Student violinists spread holiday cheer

Published 7:29 pm Tuesday, November 20, 2018

The sounds of music and the sweet aroma of pies permeated the air at The Village Apartments on Tuesday morning as students from Washington Montessori Public Charter School continued an 18-year-old tradition.

Going from door to door under the guidance of WMPCS Music Director Michele Rhem, a group of nearly 20 student violinists serenaded the residents of the complex with holiday tunes while their classmates delivered pies to each home.

As to the origins of the musical pie tradition, Rhem said it harkens back to a time when the charter school was situated next door to the complex, before the construction of the new campus. As friendships developed, the school began bringing festive music to the complex, along with tasty pies to supplement Thanksgiving meals.

“We were a very small school, and we became fast friends,” Rhem said. “When we were leaving, there were tears because our kids had become friends with them. They used to sit outside and watch the kids play outside.”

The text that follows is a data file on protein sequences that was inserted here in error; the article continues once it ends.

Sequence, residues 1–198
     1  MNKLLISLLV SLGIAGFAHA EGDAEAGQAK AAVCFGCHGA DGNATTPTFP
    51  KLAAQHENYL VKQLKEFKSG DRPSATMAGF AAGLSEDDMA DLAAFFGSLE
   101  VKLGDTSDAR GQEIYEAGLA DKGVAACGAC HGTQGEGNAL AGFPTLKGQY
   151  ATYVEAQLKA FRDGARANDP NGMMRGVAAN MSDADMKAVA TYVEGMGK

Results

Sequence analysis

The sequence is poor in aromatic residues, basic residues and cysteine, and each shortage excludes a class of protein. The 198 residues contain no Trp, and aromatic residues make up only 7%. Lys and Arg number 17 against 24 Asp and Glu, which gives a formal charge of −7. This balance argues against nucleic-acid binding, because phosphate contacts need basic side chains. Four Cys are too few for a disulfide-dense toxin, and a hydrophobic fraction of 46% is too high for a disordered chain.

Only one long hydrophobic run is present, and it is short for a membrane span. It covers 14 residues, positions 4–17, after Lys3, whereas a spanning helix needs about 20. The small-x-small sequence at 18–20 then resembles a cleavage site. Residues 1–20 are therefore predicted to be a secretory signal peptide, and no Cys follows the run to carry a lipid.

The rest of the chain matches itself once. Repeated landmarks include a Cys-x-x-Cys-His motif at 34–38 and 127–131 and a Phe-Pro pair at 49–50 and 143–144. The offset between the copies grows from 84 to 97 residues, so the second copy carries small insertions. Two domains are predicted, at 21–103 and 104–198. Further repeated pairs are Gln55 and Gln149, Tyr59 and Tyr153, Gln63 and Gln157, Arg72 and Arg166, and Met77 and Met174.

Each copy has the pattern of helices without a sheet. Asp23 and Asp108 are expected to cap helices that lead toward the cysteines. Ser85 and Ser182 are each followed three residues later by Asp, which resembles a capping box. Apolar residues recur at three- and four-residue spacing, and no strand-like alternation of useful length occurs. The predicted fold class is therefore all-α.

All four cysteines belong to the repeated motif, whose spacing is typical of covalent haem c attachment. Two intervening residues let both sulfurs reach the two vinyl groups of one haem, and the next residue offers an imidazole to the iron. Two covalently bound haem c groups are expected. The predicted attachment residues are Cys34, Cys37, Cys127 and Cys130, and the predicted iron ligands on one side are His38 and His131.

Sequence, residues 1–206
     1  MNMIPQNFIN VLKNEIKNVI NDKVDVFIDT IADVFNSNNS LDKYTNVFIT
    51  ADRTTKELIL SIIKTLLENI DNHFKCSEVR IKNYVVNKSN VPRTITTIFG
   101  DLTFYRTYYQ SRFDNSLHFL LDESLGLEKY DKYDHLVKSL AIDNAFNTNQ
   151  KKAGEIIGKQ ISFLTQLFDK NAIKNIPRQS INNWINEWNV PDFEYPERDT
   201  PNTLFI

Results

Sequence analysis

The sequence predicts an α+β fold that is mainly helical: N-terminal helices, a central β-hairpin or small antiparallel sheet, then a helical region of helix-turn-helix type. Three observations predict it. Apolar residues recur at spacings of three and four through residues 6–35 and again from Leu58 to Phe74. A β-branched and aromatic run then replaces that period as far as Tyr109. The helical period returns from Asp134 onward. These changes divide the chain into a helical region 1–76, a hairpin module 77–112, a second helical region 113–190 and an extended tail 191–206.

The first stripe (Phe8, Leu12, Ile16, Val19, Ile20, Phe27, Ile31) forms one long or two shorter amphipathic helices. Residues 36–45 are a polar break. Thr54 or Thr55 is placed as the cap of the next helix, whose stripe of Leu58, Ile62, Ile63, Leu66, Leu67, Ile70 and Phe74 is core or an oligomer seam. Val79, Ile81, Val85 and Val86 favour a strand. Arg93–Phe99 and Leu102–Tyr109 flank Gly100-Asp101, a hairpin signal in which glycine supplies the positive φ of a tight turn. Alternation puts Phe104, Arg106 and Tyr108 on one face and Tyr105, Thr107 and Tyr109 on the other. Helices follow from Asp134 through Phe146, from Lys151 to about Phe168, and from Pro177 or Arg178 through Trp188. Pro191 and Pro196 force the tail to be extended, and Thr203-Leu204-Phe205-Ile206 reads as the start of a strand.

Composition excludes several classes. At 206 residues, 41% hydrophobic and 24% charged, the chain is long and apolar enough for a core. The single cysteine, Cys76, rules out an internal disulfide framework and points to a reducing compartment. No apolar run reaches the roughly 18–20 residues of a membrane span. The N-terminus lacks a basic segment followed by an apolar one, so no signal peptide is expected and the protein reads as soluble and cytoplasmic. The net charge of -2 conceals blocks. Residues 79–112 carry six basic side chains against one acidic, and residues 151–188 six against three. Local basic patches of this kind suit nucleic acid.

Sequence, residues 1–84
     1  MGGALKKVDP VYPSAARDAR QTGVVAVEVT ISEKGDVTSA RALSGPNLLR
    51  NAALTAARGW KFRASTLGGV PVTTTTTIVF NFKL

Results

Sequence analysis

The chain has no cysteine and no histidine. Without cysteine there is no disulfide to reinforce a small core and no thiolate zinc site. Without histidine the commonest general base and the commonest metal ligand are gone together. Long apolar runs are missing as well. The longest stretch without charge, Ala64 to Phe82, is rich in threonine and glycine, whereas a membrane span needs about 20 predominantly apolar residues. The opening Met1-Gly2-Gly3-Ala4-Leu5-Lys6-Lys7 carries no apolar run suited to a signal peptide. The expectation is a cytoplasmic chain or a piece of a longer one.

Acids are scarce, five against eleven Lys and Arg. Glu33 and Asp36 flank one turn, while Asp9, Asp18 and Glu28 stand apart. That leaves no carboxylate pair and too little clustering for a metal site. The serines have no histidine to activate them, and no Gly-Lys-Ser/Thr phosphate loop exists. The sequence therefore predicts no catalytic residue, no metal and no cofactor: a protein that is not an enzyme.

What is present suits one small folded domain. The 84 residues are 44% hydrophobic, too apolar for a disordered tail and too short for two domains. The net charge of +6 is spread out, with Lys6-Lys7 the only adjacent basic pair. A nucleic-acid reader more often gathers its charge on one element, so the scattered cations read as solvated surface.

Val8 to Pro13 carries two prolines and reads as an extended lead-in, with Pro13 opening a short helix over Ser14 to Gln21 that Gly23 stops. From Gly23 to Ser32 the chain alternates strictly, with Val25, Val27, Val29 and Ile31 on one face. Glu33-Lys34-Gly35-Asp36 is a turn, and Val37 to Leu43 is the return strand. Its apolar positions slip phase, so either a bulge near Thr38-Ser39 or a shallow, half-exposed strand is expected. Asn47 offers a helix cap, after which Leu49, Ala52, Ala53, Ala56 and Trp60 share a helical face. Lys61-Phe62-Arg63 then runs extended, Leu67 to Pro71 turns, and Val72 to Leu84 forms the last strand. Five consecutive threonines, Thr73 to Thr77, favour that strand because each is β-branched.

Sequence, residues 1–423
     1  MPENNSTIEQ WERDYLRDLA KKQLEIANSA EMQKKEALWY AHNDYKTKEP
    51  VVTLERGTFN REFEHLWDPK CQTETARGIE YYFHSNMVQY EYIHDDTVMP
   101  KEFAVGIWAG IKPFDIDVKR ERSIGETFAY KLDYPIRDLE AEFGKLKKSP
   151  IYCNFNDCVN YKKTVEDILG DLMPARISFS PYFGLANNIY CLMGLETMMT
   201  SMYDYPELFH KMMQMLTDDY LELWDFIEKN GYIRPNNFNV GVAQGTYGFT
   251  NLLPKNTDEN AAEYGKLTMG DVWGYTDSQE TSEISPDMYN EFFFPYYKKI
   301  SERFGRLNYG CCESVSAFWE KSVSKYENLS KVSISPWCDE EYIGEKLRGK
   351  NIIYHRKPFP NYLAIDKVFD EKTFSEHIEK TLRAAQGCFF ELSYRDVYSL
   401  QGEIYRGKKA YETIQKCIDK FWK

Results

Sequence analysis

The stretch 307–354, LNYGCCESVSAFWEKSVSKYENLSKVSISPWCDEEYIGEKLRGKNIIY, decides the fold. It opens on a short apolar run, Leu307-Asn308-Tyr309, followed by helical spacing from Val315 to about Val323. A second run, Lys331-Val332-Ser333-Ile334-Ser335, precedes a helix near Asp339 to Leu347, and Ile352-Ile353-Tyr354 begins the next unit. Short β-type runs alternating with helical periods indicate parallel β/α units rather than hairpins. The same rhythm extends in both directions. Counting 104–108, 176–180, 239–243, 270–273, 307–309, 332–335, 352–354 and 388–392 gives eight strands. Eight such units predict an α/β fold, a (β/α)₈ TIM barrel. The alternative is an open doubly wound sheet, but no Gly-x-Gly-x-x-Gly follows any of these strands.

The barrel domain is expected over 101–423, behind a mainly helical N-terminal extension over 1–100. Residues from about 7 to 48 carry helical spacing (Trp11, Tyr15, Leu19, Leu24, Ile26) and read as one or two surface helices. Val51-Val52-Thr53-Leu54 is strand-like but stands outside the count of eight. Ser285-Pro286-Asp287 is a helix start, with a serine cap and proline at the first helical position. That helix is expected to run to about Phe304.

SPECIAL DELIVERY One of the most important jobs of the day was that of pie deliverer, a role Taylor Westbrook took on with a smile. (Matt Debnam/Washington Daily News)

Despite the school being relocated, the tradition ensued. For some residents, the annual visit is something to be looked forward to. As the first generation of Montessori kids have grown, faces have become familiar. During this year’s caroling, a pair of older boys reconnected with a man they remembered visiting with as children.

“It’s wonderful to see kids like this take their time and their teachers to entertain us,” The Village resident Judy Fulford said. “I appreciate it so much. I enjoy this, I love the kids. I’ve seen them play several times, and I cannot believe how good they are compared to other things I’ve watched.”

While some pies were donated, and others store bought, others still were baked by WMPCS students who made sugar-free and gluten-free options for those who might have special dietary needs.

While the annual visit is uplifting for the residents, Rhem says she sees benefits for her students as well. Interacting across generations, meeting face-to-face with elders — these are things that have inherent worth to all people, both young and old.

“Children don’t always get enough interaction with that segment of society,” Rhem said.  “I think once they can talk and communicate, if they can have a conversation, it gives them a connection. Everybody has a story.”